A Guide to Oratory by 4B75f1

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									A Guide to Oratory
                 Speech Making
Overview of the five stages of speech making:

•   inventio – coming up with ideas
•   dispositio – arranging the ideas
•   elocutio – the use of words appropriate to the ideas
•   memoria – learning the words and ideas by heart
•   pronuntiatio - using body and voice to effectively
    convey the speech
                 Speech Making
Structuring the speech:
• exordium – a speech preparing the listener for what is
  to come
• narratio – recounting the deeds done
• partitio – the division into topics
• confirmatio – the part of the speech which adds
  plausibility, authority and confirmation
• reprehensio - the refutation of the opponent’s
  confirmatio
• conclusio – drawing threads together, rousing hatred,
  making a complaint
         Some stylistic features
asyndeton – lack of conjunctions
In Verrem II.1.56
  ‘Olympum vi, copiis, consilio, virtute cepit’

  The asyndeton here serves to suggest an
  exhaustive list of Servilius’ qualities and
  resources, as opposed to Verres
        Some stylistic features
hyperbole – exaggeration
In Verrem II.1.53
  ‘Aspendum vetus oppidum et nobile in
  Pamphylia scitis esse, plenissimum signorum
  optimorum’

 The description of the town’s excellent
 qualities is exaggerated to make the impact of
 Verres’ crimes all the more severe.
         Some stylistic features
tricolon – delivering ideas in threes
In Verrem II.1.55
  ‘pulcherrimam atque ornatissimam,
  Corinthum, plenissimam rerum omnium’

  Notice the tricolon of superlatives which
  signify what a great haul of treasure
  Mummius carried off from Corinth and
  subsequently bestowed on Rome
         Some stylistic features
exclamatio – an exclamation
In Verrem II.1.54
  ‘quae, malum, est ista tanta audacia atque
  amentia!’

  Cicero’s exclamation at the mindlessness of
  the act is designed to display moral outrage.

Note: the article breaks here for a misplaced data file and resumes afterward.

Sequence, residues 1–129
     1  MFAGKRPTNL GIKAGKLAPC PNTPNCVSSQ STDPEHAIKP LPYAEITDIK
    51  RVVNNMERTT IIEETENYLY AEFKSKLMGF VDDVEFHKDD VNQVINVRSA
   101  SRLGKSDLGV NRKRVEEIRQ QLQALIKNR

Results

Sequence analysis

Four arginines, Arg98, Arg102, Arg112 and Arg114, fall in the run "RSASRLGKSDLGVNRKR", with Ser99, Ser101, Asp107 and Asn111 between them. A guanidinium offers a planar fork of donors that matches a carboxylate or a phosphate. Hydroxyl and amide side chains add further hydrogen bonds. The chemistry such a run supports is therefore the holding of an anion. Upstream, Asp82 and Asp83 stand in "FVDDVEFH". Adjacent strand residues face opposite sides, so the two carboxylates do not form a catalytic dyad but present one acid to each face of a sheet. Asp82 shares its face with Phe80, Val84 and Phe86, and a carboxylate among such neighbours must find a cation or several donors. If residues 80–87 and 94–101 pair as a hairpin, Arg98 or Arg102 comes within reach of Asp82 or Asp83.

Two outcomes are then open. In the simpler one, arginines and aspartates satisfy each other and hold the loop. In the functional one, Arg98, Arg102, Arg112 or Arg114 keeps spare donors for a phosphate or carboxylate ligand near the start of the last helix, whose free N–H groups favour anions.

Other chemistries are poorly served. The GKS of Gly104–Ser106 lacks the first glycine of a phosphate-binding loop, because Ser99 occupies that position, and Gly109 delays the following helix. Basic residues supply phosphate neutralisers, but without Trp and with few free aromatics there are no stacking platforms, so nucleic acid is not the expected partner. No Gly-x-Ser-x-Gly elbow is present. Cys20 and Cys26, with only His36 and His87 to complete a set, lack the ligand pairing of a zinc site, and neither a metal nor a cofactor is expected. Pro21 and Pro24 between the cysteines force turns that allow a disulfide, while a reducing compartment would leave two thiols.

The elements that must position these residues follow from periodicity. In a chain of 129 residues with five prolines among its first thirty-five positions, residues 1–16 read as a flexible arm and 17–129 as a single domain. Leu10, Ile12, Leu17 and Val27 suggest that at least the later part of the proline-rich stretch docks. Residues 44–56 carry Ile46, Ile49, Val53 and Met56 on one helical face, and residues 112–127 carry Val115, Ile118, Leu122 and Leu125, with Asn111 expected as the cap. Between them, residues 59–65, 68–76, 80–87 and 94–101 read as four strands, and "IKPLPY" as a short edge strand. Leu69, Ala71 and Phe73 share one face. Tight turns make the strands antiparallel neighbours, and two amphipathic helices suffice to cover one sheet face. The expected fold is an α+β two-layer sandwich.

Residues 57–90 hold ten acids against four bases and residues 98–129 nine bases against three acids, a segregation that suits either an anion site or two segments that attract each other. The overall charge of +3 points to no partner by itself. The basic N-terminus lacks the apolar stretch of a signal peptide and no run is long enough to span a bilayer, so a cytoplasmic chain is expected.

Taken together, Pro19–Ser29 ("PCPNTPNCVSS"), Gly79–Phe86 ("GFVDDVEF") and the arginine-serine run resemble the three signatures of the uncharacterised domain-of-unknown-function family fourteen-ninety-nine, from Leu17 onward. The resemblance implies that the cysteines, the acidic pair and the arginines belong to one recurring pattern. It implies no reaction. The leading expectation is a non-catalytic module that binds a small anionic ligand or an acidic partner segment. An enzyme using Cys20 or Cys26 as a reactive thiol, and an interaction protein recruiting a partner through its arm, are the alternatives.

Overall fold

Some stylistic features
argument by precedent
In Verrem II.1.55

  The entirety of chapter 55 lists a series of
  former generals who gave their spoils to the
  city of Rome rather than hording them at
  home.
         Some stylistic features
pleonasm – the use of superfluous words
In Verrem II.1.57

  ‘tu quae ex fanis religiosissimis per scelus et
  latrocinium abstulisti’

  Robbery is a crime or wicked act, hence scelus
  here is essentially superfluous and is added by
  Cicero to emphasise Verres’ character
         Some stylistic features
praeteritio - saying you will not mention something
and in so doing mentioning it
In Verrem II.1.62

 ‘sed ego omnia quae negari poterunt praetermittam’

 Cicero has just alleged several acts of bad behaviour,
 only to say that he will pass over these things which
 can be denied
          Some stylistic features
polysyndeton – use of many conjunctions
In Verrem II.1.66

  ‘homo, qui et summa gravitate et iam id aetatis
  et parens esset, obstipuit’

  The list of Philodamus’ defining characteristics in
  polysyndeton serves to comprehensively
  demonstrate why Rubrius request is so offensive
         Some stylistic features
These specific literary devices as well as a host
of other rhetorically effective turns of phrase,
choices of vocabulary and rhetorical
commonplaces can be found throughout the
speech.
Credit will be given for use of the technical
vocabulary but only when you can explain its
effect. This is the most important skill.

								
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